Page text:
(I think I am 16 in this photo- but let's pretend because I can't find a photo of 14-year-old Cara)
Back when I was just 14 years old, gearing up to start high school, I remember reading a tabloid magazine flooded with pictures of celebrities.
In typical tabloid fashion, they were not discussing the actress’s accolades, accomplishments, or intelligence. Who would care to read about that, right? That doesn’t sell magazines.
They were talking about their cellulite.
You know…, those naturally occurring body dimples that grace the legs of most women on planet earth?
But my young porous sponge-like, teenage brain did not know this. I assumed that cellulite made you a bad, disgusting person who would be the laughing stock of anyone who was aware you had cellulite.
I learned a lesson that day that many girls learn: to be valuable you must look a certain way.
That message was continually reinforced by the world around me so I internalized it and made it my truth.
I went straight to the bathroom where I had a full-length mirror and stripped my bell-bottom jeans off; I was wearing a navy blue pair of undies with light blue paisley flowers on them from the Gap. I loved this specific pair.
I turned around, butt-towards-mirror, and began to investigate.
I poked, I pinched, and I jiggled to see if I jiggled in the “right way.”
Did I have any of that god-awful cottage cheese on my thighs that US Weekly was making fun of?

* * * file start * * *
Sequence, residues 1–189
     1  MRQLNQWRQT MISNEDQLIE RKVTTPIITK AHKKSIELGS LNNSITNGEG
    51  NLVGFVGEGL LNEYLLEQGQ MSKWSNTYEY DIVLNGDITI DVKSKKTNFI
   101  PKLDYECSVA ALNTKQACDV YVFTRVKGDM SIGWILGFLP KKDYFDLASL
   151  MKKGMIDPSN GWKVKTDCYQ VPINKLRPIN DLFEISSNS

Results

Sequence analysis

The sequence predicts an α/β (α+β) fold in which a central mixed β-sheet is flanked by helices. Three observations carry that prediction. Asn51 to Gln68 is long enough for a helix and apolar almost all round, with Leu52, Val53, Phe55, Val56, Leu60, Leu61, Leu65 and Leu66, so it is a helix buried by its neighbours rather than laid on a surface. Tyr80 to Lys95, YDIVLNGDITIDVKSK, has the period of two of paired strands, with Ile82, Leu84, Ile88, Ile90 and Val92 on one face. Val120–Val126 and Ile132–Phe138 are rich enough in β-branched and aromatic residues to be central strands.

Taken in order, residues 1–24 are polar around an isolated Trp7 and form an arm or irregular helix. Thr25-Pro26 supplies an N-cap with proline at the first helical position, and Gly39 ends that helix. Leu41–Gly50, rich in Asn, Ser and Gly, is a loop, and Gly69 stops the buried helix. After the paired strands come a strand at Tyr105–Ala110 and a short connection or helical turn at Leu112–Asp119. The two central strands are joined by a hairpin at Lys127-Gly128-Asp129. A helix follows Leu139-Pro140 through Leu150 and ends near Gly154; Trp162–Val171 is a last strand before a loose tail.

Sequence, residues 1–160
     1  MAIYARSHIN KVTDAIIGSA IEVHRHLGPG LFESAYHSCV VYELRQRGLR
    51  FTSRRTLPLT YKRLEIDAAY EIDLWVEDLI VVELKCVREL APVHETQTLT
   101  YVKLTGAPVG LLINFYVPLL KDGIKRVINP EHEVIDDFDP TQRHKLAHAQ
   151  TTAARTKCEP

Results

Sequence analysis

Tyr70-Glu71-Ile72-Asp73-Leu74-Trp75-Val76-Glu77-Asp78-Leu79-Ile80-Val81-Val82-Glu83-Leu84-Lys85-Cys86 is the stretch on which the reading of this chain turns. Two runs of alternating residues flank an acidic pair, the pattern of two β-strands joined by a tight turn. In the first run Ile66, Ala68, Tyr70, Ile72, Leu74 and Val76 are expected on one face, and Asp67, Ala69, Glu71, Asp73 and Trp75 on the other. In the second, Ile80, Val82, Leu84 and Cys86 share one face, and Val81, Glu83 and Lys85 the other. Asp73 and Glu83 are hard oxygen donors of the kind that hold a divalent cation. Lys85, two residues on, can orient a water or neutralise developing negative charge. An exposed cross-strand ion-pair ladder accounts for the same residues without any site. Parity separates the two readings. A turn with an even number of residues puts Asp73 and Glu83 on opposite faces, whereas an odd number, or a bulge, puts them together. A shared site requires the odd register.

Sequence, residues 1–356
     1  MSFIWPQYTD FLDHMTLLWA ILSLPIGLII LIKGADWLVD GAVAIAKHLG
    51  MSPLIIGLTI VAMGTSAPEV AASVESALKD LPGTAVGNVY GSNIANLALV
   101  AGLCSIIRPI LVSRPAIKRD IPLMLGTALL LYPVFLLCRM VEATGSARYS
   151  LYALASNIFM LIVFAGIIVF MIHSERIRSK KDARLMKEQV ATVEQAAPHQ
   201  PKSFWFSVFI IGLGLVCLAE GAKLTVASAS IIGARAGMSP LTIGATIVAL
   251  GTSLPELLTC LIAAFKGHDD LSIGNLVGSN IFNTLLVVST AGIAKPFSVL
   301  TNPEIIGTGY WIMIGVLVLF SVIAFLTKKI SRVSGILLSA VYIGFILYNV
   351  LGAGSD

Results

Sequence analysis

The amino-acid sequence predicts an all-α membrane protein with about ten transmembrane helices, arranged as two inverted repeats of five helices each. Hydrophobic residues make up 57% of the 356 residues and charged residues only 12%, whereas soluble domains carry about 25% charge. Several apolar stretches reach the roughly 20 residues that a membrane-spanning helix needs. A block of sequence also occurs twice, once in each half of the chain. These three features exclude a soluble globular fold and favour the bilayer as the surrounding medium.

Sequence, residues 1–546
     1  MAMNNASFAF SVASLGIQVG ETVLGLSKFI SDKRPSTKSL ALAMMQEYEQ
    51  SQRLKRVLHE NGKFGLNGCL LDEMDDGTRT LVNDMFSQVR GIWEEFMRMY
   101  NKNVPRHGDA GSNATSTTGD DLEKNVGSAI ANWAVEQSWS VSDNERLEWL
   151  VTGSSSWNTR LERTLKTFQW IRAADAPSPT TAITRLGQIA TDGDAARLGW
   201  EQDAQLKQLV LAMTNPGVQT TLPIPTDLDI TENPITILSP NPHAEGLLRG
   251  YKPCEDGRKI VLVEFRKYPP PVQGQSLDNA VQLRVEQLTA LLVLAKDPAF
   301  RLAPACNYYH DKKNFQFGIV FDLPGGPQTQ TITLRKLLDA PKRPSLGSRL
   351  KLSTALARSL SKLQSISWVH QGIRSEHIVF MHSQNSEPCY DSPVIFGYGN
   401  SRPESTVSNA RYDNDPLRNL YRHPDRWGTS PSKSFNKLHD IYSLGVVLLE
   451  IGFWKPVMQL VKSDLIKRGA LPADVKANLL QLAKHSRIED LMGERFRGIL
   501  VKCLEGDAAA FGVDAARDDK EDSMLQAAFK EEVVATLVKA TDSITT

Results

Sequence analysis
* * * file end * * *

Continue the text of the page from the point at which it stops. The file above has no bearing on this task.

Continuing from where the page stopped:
I think I saw a little under my butt.
My heart sank.
Oh fuck. Oh fuck. Oh fuck. I better get rid of this.
This triggered a chain reaction of micromanaging my body, known as Body Monitoring by researchers.
I slowly began walking down the road of self-objectification; seeing myself not as a whole person, but as an object that is on constant display for others to judge and critique.
And as a result, pieces of my awareness were now always dedicated to making sure I was sucking in enough, that my hair was looking good, and that the pimples on my face weren’t showing.
It eventually snowballed into a big hairy, people-pleasing problem known as an eating disorder and it took over my life.
Like it does the lives of so many.
Almost by definition, if you are born a girl you will be judged based on your level of “nice-to-look-at-ness.”
Sadly, it makes women feel like they are held hostage by other people’s opinion of the way they look. Never to be fully acknowledged for everything you can offer if you can’t first offer up thinness and beauty.
And it is a HUGE distraction and absolute bullshit.
Countless women dedicate a large portion of their cognitive resources to body monitoring, pursuing thinness, and obsessing over what they eat.